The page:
A Short Short Storyby Barry Gifford
ROY READ IN A SCIENCE BOOK about a parasite that lives in water and enters the skin of human beings, goes to the head, and causes loss of sight. This condition, Roy learned, was sometimes called river blindness. Soon after he’d read this, Roy was taken on a Friday night by his cousin Ray to Rita’s Can’t Take It With You, a blues club on the West Side. Ray was twenty-two, six years older than Roy. Ray had recently enlisted in the navy and wanted to celebrate before leaving for boot camp the following Monday. The cousins were accompanied to Rita’s by Ray’s friend Marvin Kitna, an accordionist in a polka band who had been to the club several times before.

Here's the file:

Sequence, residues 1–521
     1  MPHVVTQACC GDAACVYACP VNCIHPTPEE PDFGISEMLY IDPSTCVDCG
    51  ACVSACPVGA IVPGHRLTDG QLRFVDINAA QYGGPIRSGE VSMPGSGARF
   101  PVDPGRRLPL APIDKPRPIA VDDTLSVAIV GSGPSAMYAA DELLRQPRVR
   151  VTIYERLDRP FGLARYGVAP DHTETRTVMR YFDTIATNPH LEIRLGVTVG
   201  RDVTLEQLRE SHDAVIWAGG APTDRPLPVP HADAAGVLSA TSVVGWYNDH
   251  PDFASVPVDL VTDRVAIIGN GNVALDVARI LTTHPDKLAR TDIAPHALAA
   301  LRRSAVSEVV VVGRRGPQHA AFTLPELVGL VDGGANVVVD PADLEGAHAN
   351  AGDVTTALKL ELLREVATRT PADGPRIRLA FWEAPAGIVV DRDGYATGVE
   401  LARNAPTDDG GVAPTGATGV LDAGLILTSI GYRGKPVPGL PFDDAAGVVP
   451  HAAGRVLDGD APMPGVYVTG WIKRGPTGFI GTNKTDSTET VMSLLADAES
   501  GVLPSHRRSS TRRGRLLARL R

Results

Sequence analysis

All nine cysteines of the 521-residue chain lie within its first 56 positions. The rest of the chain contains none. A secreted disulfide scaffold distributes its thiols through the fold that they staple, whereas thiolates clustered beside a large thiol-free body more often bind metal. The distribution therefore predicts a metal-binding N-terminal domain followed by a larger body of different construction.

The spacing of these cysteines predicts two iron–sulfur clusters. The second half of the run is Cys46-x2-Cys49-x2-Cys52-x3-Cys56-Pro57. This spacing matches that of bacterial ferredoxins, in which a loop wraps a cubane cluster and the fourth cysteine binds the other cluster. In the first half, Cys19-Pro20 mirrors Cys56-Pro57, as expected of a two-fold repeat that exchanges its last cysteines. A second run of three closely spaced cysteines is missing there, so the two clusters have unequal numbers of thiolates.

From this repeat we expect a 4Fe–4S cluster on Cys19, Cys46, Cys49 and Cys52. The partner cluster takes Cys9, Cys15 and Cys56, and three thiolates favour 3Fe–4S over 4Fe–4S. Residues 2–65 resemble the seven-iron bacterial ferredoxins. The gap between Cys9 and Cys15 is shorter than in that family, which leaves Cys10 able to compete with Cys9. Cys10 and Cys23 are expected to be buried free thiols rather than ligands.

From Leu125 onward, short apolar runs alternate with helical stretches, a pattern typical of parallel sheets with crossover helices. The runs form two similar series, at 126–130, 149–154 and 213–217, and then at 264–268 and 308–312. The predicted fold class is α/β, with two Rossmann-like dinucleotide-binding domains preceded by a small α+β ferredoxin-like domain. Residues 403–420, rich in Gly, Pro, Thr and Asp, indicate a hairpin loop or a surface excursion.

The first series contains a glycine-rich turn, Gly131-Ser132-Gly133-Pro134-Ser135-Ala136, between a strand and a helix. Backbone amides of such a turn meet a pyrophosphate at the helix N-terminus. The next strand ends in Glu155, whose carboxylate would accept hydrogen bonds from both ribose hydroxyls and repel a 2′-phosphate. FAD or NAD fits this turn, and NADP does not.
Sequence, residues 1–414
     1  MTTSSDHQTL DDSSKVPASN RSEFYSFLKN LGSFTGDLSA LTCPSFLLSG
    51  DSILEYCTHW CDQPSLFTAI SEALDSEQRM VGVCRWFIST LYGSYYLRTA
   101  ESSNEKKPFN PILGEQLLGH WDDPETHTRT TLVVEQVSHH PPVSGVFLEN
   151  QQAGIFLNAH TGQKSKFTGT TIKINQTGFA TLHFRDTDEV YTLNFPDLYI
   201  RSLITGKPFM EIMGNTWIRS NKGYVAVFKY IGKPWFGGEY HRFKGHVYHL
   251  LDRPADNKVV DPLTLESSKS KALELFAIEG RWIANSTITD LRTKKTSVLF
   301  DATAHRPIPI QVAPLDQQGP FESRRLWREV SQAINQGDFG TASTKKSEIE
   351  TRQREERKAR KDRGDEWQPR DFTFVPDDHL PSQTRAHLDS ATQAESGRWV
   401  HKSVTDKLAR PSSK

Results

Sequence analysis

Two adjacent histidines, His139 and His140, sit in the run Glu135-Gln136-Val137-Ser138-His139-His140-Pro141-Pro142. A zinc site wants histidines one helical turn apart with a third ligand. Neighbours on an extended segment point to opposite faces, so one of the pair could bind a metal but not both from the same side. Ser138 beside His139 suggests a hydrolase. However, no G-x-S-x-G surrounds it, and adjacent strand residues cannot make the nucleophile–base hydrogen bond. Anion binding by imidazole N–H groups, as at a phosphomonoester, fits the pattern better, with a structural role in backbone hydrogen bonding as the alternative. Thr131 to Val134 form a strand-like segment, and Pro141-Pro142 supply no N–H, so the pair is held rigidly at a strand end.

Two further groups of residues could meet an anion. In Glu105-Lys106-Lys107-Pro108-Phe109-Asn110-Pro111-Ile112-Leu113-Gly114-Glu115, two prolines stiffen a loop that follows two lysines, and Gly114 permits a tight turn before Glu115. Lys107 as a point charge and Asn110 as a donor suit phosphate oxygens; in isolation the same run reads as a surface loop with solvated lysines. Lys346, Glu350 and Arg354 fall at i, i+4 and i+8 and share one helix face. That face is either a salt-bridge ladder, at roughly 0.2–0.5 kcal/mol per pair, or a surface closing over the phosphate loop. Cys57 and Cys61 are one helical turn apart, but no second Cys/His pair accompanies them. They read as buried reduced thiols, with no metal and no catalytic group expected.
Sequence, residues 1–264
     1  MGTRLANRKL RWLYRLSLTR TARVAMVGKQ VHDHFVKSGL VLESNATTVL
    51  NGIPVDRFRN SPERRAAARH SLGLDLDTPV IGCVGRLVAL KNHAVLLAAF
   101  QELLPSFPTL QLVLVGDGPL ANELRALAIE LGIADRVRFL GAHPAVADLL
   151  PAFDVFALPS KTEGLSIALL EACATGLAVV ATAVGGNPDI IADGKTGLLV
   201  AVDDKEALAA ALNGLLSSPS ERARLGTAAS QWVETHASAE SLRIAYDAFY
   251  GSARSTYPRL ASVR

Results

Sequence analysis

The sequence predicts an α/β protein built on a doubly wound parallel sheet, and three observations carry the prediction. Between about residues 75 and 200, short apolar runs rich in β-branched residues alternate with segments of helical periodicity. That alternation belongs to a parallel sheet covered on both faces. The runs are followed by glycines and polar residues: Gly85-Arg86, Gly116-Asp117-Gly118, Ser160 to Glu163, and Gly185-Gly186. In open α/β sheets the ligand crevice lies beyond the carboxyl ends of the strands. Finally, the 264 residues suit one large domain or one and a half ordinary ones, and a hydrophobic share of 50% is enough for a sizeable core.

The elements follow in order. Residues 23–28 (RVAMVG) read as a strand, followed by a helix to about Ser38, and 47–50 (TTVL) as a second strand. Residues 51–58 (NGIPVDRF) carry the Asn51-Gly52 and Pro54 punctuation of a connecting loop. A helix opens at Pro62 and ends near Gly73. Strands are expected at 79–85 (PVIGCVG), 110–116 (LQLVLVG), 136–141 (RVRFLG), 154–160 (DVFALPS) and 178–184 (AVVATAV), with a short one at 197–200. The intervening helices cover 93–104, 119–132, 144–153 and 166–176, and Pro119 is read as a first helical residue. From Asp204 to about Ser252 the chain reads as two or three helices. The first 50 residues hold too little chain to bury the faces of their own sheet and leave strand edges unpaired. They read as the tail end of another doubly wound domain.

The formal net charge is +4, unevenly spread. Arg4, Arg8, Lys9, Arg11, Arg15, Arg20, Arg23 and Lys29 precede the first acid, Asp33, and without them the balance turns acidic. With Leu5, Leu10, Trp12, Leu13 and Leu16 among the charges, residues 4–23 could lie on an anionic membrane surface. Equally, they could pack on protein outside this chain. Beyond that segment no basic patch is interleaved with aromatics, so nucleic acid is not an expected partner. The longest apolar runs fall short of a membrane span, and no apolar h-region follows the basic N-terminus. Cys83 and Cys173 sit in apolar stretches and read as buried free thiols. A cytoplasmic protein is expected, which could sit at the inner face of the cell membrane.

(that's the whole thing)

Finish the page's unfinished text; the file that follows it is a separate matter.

“The Wolf’s playing tonight,” Kitna told Roy and Ray. “He’s gettin’ up there, but he’s still the best.”
Roy, Ray, and Marvin Kitna were the only white patrons that night in Rita’s Can’t Take It With You. Kitna seemed to know almost everybody there, from the two bartenders, Earl and Lee, to many of the customers, as well as the two off-duty Chicago cops, Malcolm and Durrell, who were paid to provide security.